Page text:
Locals build 3000-liter tanks next to each shop. Each shop owner fills the tank with water from his own well, then technicians on motorcycles carry the electro-chlorinator instead of the water. He or she wears a branded t-shirt as they ride from village to village, visiting six or seven villages a day (water processing takes about 45 minutes).
“We’ve been doing this now in a Beta test in 25 villages for the last seven months,” declares Polak. “You’re much better off having the water right where it’s going to be used. Process creates affordability. Scale creates affordability.”
Today, Polak has a branded, distributed product. Spring Health Water (India) Ltd., the local subsidiary of Polak’s Windhorse International, sells affordable safe drinking water to rural Indians. Spring Health aims to reach at least 100 million customers who live on less than $2 a day, within ten years.
“I started with the idea of bringing practical solutions to global poverty,” explains Polak. “Now it’s becoming increasingly clear that there are these new market opportunities which are hugely profitable if you can do it to scale. These are virgin markets. I think it is a huge opportunity.”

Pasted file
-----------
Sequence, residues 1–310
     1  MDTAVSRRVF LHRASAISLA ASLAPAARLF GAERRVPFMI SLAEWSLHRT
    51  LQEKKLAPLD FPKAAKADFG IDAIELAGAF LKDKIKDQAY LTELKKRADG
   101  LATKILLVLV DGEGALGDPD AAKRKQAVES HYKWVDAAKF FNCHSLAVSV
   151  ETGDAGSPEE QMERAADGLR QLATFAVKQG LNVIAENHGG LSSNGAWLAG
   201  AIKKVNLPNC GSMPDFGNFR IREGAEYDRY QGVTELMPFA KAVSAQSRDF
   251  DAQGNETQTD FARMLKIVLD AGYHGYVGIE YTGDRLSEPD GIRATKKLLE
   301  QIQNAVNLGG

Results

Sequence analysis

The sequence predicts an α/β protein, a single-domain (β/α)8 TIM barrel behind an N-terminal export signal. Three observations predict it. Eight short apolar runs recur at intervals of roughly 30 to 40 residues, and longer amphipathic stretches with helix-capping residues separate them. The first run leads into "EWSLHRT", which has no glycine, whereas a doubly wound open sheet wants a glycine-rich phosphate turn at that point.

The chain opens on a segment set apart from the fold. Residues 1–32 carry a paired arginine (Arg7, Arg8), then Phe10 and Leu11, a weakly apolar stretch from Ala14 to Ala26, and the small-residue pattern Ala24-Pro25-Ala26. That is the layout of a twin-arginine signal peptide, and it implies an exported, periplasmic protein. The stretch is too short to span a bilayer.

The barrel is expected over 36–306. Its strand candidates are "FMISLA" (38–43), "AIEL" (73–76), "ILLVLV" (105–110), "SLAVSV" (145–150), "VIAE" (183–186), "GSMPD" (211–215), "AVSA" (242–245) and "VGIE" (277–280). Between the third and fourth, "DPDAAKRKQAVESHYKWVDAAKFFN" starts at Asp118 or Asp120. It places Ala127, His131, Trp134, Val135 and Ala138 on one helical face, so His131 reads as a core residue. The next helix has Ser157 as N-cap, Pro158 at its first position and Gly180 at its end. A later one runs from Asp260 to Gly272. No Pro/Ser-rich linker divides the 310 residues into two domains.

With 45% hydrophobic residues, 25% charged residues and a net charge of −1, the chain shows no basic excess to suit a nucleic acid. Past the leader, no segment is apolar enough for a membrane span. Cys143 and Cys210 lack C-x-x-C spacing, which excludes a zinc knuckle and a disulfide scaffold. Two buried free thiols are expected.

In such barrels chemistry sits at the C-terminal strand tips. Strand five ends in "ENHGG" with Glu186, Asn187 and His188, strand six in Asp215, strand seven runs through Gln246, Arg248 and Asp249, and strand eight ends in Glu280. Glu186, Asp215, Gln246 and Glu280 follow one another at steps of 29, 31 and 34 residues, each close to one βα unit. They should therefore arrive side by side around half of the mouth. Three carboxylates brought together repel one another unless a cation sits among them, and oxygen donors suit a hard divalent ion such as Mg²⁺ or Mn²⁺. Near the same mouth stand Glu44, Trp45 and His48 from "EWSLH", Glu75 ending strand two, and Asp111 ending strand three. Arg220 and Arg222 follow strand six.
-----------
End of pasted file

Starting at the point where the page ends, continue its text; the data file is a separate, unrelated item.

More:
“‘Doing good’ used to be a luxury good,” admits Dev Aujla. “I’m seeing that even big companies know that things are changing. Even oil and gas companies are investing in sun and wind energy and people are rethinking and redesigning the way the world is. Not only are these companies growing, but they’re finding investors.”
Back to Jeff Klein. “The younger generation require that their work and their businesses align with their values, and their values call for sustainable growth that considers people and planet. They have no problem with wealth, and they see no reason why financial wealth cannot co-exist with ecological integrity and serving the greater good.”
“The young people have just as much to share in developing social responsibility. In fact, some of them know better than we do,” adds Deb Nelson of Social Venture Network. “They teach us. How do we cross-pollinate to attract the best and the brightest, and help them with their enterprises and also get them to collaborate? We have to be more collaborative, more deliberate, with less of an ‘us versus them’ mentality.”
The Summit coming up in Austin, Texas will be a networking and learning session for executives and entrepreneurs running bottom line companies where both the social mission and profit mission are aligned. Can companies solve social and environmental problems? Can corporate America collaborate and contribute to a just and sustainable world?
As Billy Parish and Dev Aujla point out in their book Making Good, it all boils down to a simple word. Empathy.
“People like to be around people who care about people,” echoes Klein. And if that’s true, the Conscious Capitalism CEO Summit should be a good crowd.
Source: Conscious Capitalism